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H.265 (HEVC) encoding in Premiere, software vs. hardware

Explorer ,
Nov 04, 2018 Nov 04, 2018

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I have a solid desktop workstation at work, and a reasonably powerful laptop. Specs at the bottom of this post.

The desktop machine has been pretty awesome for the past 3 or so years. Generally taken everything I’ve thrown at it. The laptop is, well, a laptop. Its pretty good for a laptop.

Weirdly there is one thing my laptop can do that my desktop cannot, which is the HEVC H.265 encoding option.

If you didn’t know, when choosing H265 (HEVC) one has the option of using software or hardware encoding. This is separate from the Mercury playback engine. On my desktop, the hardware encoding option is grayed out, forcing one to choose software. The render starts, but, its really slow. Like, to encode a 3 minute 1080 DNxHR file seems to take something like 45 theoretical hours. Shortly after starting, it gets to be several seconds PER FRAME. like 10-12 seconds per frame. Its insane, and totally not usable. (I should mention I have the quality selection, which defaults at “good”, all the way up to “highest…because come on, who doesn’t want the highest possible quality)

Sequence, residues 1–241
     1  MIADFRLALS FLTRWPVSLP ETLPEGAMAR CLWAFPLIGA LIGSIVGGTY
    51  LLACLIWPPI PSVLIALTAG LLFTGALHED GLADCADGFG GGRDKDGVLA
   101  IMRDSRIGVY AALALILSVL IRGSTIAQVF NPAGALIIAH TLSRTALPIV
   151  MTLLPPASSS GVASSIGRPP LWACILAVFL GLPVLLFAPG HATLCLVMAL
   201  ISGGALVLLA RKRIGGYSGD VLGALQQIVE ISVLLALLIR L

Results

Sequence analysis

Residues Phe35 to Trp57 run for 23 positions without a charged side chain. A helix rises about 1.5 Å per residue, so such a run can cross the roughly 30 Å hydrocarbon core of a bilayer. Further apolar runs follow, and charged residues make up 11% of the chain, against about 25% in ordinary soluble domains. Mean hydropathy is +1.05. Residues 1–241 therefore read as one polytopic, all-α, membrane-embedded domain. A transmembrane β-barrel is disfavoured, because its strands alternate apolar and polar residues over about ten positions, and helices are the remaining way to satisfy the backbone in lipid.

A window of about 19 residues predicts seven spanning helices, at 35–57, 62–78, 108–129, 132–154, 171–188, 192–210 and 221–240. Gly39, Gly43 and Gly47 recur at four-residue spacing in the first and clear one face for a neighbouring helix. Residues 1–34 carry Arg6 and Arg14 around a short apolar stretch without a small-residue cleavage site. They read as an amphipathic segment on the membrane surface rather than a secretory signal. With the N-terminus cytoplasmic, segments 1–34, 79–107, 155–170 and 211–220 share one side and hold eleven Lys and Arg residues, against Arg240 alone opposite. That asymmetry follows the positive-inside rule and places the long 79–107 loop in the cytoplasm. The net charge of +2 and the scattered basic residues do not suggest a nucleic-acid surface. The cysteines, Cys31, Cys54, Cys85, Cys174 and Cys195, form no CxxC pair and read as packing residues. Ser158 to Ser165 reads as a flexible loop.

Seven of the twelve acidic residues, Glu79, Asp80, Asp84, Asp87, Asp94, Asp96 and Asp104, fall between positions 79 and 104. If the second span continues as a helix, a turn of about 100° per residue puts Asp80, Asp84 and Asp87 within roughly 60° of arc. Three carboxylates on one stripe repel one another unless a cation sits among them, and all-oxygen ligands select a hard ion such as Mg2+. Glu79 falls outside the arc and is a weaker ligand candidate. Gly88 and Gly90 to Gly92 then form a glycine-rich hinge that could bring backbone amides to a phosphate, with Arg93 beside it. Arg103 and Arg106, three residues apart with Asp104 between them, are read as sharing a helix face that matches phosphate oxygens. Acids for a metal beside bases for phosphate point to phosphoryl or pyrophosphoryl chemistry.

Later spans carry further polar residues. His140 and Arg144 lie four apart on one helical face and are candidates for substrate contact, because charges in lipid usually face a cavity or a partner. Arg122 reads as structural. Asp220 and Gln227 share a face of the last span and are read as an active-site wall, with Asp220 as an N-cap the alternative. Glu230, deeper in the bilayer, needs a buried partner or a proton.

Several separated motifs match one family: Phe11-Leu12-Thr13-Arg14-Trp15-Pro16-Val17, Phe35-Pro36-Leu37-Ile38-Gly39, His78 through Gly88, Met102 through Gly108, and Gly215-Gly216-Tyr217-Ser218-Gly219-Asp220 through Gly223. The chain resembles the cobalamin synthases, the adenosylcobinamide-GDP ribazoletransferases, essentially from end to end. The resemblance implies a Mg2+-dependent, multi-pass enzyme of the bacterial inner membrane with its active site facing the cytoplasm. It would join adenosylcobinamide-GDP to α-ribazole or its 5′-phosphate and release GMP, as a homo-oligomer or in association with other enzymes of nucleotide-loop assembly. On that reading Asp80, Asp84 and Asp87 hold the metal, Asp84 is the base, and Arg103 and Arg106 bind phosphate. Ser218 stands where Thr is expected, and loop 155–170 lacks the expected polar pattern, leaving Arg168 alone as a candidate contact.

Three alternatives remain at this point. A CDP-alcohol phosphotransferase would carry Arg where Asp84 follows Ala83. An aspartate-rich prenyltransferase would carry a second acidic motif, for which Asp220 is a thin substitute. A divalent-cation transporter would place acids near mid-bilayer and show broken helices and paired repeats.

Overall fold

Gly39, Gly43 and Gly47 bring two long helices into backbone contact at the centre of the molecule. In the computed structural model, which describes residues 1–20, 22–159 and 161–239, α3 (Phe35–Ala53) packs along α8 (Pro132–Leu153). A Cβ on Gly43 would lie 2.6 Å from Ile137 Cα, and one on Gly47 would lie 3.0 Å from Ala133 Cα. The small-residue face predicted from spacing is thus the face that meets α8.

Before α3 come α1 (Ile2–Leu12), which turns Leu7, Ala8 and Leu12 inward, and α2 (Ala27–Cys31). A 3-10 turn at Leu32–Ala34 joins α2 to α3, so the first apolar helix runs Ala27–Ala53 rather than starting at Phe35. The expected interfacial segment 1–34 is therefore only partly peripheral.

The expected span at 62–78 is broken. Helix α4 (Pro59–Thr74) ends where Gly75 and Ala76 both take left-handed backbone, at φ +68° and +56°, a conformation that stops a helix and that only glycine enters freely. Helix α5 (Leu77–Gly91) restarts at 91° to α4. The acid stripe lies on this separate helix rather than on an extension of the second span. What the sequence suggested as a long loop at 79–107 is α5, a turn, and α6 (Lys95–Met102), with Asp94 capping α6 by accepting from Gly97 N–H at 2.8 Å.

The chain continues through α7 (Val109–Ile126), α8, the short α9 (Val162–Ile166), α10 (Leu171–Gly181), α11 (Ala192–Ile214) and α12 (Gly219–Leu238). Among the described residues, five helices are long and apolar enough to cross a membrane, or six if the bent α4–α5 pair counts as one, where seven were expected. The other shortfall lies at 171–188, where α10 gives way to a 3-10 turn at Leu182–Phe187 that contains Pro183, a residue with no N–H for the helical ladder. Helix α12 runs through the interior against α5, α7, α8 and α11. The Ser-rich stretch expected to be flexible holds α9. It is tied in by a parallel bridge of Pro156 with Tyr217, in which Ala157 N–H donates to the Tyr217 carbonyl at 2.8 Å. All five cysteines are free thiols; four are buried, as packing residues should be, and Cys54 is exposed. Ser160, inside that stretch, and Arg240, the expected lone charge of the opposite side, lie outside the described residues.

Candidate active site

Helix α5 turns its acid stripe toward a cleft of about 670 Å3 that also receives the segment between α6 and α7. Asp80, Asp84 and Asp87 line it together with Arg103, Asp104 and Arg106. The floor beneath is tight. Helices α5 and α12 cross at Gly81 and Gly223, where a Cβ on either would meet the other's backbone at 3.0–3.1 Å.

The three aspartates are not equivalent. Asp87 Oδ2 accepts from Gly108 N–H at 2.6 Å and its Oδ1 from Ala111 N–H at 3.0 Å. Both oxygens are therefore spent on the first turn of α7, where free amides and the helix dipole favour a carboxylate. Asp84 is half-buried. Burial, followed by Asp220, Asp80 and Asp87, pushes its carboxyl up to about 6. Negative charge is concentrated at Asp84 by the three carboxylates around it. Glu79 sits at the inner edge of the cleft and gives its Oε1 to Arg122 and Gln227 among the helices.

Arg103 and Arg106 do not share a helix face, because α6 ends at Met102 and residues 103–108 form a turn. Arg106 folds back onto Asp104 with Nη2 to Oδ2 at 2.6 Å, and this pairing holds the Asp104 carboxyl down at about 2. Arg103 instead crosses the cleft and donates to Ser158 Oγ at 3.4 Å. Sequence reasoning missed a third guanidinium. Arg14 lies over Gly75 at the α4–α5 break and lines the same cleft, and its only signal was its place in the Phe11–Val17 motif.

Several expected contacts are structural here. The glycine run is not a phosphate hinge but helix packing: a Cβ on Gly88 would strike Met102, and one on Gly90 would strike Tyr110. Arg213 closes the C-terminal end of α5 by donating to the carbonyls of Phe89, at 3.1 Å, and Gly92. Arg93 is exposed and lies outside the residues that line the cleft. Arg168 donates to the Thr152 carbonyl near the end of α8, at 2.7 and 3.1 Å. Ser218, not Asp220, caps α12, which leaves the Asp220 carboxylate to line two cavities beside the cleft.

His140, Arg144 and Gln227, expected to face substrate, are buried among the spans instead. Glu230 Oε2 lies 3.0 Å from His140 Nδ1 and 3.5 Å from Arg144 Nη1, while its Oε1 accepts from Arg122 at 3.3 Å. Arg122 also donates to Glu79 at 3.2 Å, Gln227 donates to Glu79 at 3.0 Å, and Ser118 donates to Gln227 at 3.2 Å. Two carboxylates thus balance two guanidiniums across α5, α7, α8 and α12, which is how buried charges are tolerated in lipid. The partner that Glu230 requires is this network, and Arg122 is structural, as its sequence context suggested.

On my laptop however, when choosing the hardware encoding option and highest quality setting, it hums along like any other encoding option. I’ve done UHD DNxHR files slightly slower than real time, no problem.

So I guess my question is- what does the HEVC hardware encoding option refer to, and why isn't it available on my desktop? It can’t be the GPU, as you can see both machines have an awesome 10-series Nvidia, with the desktop rocking the 1080 Ti. Does it refer to the CPU? Does my laptop CPU have some H265 feature that premiere can take advantage of? Has anyone else experienced this? My current workflow is to render a flattened DNxHR444 file out of my desktop, and encode that to H265 on my laptop. Its ghetto, but it works, and I swear H265 uploads look slightly better on youtube and facebook (I do understand FB/YT are re-rendering these, probably to H264. Still though)

Specs

Desktop workstation-

i7-5930K (6 core)

64GB RAM

Nvidia 1080 Ti

Laptop

Razor Blade

i7-7700HQ CPU @ 2.80GHz (4 core)

16GB RAM

Nvidia 1060 (6GB)

Both machines running windows 10, premiere 2018.

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correct answers 1 Correct answer